The El Paso Chihuahuas will have to wait to don those home uniforms the new Pacific Coast League franchise unveiled two days ago.
El Paso announced Friday that its home opener, scheduled for April 11, has been pushed back until April 28 due to delays in the construction of the downtown ballpark being built for the Padres Triple-A affiliate. Instead, the team will kick off its home schedule on April 11 in Tucson at Kino Stadium, where it has spent the past three seasons, with a four-game series against the Reno Aces. The Chihuahuas return to the road with scheduled series at Albuquerque, Las Vegas and Sacramento before finally coming home to El Paso on April 28 against the Grizzlies.
Construction of the Chihuahuas’ $64 million ballpark has been complicated from the start and the timeline to have it ready for Opening Day was equally aggressive. El Paso’s city hall was demolished last April to clear space for the still-to-be-named ballpark, and groundbreaking followed six weeks later on May 29, leaving just 10 months to have it ready for the start of the 2014 season.
The team prepared for the possibility of the ballpark not being ready by extending its lease at Kino Stadium in Tucson through 2014, and Pacific Coast League president Branch Rickey III said the delay is “not upsetting, not concerning and everyone in the league—especially the Reno ballclub—were keenly aware that this could occur.”
As apparently were city officials, who on Wednesday promised the ballpark would be completed by the end of April and announced that crews could begin working around the clock to meet their deadline. Chihuahuas president Alan Ledford refused to call the delay a disappointment, but instead noted it is “just four games out of 72” this season that have been moved. “Over terms of our lease, we are going to play over 2,000 games at that ballpark.”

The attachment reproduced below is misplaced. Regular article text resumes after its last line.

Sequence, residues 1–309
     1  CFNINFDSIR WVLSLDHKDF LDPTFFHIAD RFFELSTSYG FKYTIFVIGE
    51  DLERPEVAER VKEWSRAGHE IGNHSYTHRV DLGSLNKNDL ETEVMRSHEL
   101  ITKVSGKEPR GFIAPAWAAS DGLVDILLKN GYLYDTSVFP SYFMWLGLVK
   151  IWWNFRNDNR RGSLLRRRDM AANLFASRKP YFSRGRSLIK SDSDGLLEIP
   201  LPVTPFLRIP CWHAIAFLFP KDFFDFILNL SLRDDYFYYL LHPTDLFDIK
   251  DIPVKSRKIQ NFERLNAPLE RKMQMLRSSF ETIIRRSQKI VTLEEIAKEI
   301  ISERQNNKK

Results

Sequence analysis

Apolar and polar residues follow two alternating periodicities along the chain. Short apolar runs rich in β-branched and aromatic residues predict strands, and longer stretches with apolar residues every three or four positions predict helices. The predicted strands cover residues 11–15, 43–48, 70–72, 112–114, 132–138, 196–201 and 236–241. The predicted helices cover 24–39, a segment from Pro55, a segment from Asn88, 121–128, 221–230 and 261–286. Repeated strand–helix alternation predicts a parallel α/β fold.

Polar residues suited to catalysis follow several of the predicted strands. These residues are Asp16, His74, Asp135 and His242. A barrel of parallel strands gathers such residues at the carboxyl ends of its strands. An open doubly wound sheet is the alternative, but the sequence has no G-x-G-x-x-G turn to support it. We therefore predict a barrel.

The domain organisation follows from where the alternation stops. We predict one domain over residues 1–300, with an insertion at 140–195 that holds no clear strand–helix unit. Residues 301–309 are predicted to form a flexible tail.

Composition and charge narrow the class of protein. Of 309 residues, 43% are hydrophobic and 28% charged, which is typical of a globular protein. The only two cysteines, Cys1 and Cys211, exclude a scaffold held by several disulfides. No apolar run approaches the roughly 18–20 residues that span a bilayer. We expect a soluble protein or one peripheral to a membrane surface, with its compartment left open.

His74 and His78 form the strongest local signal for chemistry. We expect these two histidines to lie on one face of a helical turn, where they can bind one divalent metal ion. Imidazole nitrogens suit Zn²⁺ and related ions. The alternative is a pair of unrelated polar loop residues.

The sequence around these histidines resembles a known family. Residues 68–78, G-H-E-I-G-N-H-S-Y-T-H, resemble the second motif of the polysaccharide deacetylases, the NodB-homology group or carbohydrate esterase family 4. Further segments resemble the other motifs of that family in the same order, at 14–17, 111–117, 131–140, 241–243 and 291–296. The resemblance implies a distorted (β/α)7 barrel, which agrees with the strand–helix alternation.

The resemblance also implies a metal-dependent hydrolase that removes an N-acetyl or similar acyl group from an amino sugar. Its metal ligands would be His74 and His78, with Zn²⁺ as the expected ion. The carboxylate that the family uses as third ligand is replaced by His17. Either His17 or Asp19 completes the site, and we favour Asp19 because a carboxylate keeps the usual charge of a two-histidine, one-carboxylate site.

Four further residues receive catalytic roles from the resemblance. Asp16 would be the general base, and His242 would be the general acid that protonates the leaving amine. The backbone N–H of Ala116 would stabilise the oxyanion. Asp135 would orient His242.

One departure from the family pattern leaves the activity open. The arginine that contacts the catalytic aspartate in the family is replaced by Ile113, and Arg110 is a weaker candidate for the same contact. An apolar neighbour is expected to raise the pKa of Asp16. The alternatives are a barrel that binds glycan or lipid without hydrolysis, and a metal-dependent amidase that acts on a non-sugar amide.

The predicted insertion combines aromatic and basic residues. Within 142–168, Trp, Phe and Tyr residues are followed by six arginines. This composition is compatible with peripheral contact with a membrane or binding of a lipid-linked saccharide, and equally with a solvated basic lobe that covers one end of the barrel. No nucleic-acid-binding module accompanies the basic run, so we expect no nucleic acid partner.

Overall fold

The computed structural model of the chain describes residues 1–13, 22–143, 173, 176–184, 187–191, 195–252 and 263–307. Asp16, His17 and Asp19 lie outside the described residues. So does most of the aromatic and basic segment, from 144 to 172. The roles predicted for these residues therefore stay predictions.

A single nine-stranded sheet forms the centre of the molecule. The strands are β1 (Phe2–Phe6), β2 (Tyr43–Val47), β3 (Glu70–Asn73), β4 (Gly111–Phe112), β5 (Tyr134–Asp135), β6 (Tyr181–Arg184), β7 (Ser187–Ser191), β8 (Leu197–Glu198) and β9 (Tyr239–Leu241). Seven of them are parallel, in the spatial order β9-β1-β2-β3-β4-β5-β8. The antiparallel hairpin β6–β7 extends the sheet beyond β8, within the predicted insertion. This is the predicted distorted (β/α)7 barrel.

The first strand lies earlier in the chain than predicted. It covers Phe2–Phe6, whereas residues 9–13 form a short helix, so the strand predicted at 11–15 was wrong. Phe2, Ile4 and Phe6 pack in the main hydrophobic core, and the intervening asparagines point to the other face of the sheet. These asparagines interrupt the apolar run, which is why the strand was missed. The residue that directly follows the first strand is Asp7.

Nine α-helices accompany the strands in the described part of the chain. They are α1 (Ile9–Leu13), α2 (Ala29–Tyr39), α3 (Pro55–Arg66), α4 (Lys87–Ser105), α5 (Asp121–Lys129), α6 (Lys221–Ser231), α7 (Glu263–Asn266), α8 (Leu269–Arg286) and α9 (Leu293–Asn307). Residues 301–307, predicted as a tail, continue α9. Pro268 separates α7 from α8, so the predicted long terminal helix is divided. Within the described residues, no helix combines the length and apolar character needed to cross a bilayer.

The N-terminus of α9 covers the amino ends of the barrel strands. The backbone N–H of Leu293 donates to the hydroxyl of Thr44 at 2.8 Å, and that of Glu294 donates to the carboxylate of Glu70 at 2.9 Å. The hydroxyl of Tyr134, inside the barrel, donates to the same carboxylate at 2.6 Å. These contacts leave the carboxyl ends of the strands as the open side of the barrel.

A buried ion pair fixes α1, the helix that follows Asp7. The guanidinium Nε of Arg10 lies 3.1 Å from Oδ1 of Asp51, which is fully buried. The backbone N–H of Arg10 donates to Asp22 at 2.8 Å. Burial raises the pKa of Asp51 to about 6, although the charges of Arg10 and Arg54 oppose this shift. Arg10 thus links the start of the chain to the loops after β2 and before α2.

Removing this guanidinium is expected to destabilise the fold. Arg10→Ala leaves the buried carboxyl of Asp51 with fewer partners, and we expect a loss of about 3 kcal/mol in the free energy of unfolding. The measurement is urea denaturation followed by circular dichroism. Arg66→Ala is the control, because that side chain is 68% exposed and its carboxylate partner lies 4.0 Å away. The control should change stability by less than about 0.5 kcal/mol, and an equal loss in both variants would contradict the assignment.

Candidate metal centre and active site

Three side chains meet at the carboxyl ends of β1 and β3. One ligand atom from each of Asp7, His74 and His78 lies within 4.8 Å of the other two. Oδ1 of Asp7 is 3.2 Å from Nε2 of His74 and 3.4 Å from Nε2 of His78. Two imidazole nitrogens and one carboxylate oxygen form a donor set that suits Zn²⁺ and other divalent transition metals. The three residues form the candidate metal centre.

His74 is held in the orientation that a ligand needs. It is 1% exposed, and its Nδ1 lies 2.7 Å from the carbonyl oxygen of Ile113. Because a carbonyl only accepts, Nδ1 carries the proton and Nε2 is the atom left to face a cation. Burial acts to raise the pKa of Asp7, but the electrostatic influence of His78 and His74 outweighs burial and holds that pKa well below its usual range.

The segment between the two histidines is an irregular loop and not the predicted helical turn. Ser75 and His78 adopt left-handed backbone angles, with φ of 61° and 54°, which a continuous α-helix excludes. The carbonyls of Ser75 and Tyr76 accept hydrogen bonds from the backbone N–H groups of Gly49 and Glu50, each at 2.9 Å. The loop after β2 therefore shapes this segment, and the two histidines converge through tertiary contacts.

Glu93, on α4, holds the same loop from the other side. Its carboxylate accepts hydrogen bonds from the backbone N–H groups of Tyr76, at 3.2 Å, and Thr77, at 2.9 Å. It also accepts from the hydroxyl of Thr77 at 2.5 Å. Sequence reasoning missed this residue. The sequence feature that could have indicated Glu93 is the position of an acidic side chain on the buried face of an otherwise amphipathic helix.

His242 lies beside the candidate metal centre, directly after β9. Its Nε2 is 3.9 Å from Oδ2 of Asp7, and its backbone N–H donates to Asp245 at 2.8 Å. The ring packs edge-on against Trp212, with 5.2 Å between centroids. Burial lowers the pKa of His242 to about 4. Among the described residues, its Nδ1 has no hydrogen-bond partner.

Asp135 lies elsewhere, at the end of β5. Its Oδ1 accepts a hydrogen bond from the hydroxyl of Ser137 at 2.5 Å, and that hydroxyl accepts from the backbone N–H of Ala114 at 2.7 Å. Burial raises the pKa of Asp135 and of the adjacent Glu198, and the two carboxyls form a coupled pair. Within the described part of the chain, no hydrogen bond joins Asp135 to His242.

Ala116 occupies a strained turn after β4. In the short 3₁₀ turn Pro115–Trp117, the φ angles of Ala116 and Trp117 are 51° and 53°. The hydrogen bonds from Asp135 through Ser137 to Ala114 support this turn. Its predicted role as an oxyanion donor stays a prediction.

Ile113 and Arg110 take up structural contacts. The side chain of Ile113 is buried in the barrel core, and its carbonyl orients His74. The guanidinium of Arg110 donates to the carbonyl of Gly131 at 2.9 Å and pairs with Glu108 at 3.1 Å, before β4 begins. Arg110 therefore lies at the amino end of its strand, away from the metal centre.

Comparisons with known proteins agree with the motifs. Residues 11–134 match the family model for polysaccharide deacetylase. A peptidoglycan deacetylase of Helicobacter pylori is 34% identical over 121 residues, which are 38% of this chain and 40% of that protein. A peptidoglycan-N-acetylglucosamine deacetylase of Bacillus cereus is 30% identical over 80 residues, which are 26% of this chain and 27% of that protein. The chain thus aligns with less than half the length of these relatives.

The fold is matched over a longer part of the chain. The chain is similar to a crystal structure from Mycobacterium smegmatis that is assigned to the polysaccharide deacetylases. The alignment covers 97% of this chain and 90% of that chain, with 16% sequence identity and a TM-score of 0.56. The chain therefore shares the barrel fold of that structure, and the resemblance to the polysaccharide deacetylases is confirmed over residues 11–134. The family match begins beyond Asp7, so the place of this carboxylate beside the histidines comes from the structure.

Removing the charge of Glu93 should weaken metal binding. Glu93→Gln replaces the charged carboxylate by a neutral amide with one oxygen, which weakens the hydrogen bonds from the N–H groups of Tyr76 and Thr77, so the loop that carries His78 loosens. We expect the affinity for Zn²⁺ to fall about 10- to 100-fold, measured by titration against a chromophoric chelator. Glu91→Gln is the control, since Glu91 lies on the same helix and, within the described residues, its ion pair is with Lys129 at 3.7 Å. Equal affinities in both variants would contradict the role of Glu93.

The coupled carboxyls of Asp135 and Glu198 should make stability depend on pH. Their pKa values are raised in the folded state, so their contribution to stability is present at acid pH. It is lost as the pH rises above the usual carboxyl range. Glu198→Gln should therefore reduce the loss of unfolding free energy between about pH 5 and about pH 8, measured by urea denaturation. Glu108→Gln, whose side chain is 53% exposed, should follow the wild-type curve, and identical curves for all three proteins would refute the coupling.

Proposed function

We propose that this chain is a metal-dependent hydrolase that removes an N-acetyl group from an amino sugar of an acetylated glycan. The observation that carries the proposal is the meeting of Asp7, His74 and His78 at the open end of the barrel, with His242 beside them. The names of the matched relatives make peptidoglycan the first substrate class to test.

The extra 17 days before Opening Day will be used to finalize public safety components, concession spaces, and state-of-the-art amenities, the team announced in a press release. Ledford declined to point toward a particular part of the project as the culprit for the delay, but instead said such setbacks are typical for a project of this scope on such a short timeline.
“I would not characterize it as a circumstance as things not working or things going wrong,” said Ledford, who previously helped oversee the opening of the Sacramento River Cats’ Raley Field in 2000. “We all had our eye on April 11 . . . but at the end of the day, given the very aggressive schedule and the objective of wanting to create a first-class fan experience, we decided the best decision was to focus on April 28.”
League officials recognized the possibility of a delayed opening and scheduled just four home dates over the first four weeks of the season, Rickey said.
“We wanted to enable them to have the best alternative our schedule would permit,” Rickey said. “That enabled Plan B. If the stadium construction was running as tight as we anticipated, this way they wouldn’t be opening at home and losing perhaps 12 games in that time. This very much falls into the just-in-case scenario we had allowed for.”